How much should you drink to stay hydrated during exercise?
You may need less water than you think but more water than other hydrating beverages
It’s that time of year when we encounter lots of advice about the importance of staying hydrated. Among other things, we’re told to down at least eight glasses of water a day and to “stay ahead of your thirst” before, during and after exercise to avoid dehydration, which impairs performance and causes harm.
It turns out that such directives lack sound scientific backing. Research shows that we typically get enough water through foods (which supply 20% of our water) and beverages (including coffee, soda and alcohol), and that for most of us, thirst is a reliable indicator of when we need more fluid, even during exercise.
Dehydration isn’t always the threat that it’s portrayed to be, according to studies. Contrary to popular belief, it’s generally not a cause of exercise-related muscle cramps or heat illness. And studies involving competitive cyclists have found that mild dehydration doesn’t impair exercise performance. What’s more, drinking only when thirsty results in better performance than does chugging constantly.
Though you want to make sure to consume enough water, especially if you’re older or exercising in the heat, a bigger problem than dehydration may be drinking too much during exercise, according to a report authored by a panel of 17 experts.
If you take in so much fluid that your body can’t get rid of the excess through sweating or urination, sodium levels can become dangerously low. The resulting condition, known as hyponatremia or water intoxication, can cause headaches, vomiting, confusion, seizures and, in some cases, death.
Previously, hyponatremia occurred mainly in slower marathon runners, but it’s now showing up among people engaged in activities such as hiking, half-marathons and hot yoga.
One purported method for determining your hydration status is to check the color of your urine. We often hear that pee ideally should be pale yellow and that the darker it is, the more you’re dehydrated.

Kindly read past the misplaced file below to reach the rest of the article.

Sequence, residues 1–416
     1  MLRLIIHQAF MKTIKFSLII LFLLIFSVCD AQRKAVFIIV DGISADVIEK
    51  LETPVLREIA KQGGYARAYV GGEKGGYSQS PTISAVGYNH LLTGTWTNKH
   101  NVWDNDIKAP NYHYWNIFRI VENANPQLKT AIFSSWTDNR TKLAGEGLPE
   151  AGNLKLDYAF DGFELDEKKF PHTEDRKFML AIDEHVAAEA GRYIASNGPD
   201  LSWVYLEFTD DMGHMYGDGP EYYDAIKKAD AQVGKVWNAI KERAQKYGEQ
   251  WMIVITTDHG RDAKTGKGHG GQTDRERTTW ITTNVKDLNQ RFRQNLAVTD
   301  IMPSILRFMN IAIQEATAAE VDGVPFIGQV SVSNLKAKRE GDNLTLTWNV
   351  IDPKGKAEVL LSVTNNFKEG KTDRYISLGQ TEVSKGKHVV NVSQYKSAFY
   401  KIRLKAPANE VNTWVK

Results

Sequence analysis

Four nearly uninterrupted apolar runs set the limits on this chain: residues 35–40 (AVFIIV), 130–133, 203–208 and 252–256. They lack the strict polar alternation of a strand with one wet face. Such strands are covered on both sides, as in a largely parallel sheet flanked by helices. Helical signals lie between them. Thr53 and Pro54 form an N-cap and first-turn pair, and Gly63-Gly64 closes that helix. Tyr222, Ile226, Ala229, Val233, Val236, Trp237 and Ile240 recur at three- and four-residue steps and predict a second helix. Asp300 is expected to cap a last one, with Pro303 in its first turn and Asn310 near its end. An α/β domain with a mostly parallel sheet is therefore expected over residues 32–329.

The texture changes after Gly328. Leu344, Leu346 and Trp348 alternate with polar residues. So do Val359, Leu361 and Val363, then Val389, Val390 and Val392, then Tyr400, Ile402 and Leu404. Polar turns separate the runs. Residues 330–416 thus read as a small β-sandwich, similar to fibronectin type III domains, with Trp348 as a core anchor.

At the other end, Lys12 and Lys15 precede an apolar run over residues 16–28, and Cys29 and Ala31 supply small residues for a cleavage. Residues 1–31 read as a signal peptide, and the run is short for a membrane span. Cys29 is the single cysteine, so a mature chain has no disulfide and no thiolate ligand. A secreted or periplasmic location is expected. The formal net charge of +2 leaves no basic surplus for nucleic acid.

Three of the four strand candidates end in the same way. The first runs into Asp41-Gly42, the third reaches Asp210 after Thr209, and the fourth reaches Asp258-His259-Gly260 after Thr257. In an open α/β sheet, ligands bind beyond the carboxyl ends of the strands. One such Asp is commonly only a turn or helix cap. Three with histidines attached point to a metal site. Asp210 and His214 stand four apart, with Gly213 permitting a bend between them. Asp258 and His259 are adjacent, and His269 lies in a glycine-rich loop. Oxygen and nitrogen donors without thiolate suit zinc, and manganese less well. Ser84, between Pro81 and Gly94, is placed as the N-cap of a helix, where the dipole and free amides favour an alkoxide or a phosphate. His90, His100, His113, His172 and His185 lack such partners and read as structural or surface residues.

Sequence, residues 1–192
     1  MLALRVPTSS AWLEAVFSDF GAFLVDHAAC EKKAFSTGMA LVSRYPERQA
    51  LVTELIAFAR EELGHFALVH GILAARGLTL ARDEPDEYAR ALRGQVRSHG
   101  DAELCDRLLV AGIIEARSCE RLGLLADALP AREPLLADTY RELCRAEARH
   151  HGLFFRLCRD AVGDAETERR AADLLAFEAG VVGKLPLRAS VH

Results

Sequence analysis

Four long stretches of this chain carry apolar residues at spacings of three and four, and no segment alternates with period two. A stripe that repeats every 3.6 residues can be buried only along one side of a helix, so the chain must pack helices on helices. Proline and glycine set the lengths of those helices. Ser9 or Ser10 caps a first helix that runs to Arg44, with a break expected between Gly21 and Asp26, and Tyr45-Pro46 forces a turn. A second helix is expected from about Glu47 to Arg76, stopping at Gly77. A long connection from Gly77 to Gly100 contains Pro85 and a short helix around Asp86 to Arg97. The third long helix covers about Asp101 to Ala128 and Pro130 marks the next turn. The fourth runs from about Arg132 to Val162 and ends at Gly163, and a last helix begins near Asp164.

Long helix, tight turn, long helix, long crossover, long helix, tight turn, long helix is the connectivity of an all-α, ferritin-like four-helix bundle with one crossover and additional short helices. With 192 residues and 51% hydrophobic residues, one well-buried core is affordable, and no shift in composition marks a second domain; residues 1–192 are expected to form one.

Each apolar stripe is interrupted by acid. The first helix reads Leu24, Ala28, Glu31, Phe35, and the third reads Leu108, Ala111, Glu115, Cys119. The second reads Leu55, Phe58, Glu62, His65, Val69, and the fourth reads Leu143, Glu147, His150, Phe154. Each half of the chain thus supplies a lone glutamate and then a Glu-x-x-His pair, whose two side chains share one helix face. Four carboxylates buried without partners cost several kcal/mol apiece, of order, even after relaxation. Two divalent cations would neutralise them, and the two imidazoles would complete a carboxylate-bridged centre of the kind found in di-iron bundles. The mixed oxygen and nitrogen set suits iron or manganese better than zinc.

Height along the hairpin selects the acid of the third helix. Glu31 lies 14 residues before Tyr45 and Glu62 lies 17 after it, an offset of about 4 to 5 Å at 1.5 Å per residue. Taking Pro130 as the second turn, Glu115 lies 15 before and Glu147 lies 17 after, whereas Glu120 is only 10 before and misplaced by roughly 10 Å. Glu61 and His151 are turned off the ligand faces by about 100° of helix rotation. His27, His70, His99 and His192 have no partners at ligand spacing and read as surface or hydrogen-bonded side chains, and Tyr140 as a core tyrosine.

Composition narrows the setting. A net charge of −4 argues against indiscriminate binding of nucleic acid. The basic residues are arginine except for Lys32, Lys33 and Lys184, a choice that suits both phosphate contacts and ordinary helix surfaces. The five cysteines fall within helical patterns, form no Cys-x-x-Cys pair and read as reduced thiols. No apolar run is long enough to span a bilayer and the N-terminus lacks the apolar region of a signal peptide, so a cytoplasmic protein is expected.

But this advice too is misleading.
In a review of the evidence, researchers debunked the notion that urine color is an accurate marker of hydration. Part of the problem is that some foods (such as beets and carrots) can affect the color of urine, as can certain vitamins. Ditto for some medications and dietary supplements. What’s more, striving for pale pee could prompt some people to drink too much, overhydrate themselves and develop hyponatremia.
The experts who authored the report on hyponatremia say the best way to ensure that you’re properly hydrated before, during and after exercise is to “drink palatable fluids when thirsty.”
If, for you, “palatable fluids” include plain water, that’s your best bet. If not, you can find flavored waters or use flavor drops or powders. One possible downside of these products is that they often contain artificial sweeteners or other additives. If you’re looking for something more natural, add some slices of fruit or sprigs of herbs.
Sports beverages, which contain fluids, carbohydrates and minerals known as electrolytes, can be useful for athletes engaged in vigorous exercise for more than an hour, especially in hot weather. But for most of us, they offer no benefits over water while providing extra calories and sugar that we don’t need.
Coconut water, which is touted as an alternative to sports drinks, is high in the electrolyte potassium. But coconut water typically contains less sodium than sports beverages, a feature that makes it less effective for those doing prolonged, vigorous exercise. While some people prefer coconut water’s taste to that of regular water, coconut water also has more calories.
Despite the hype surrounding other special waters, such as those that are alkaline, distilled, oxygenated or vitamin-enhanced, there’s little evidence that they’re more beneficial than regular water when it comes to hydration, athletic performance, recovery or general health.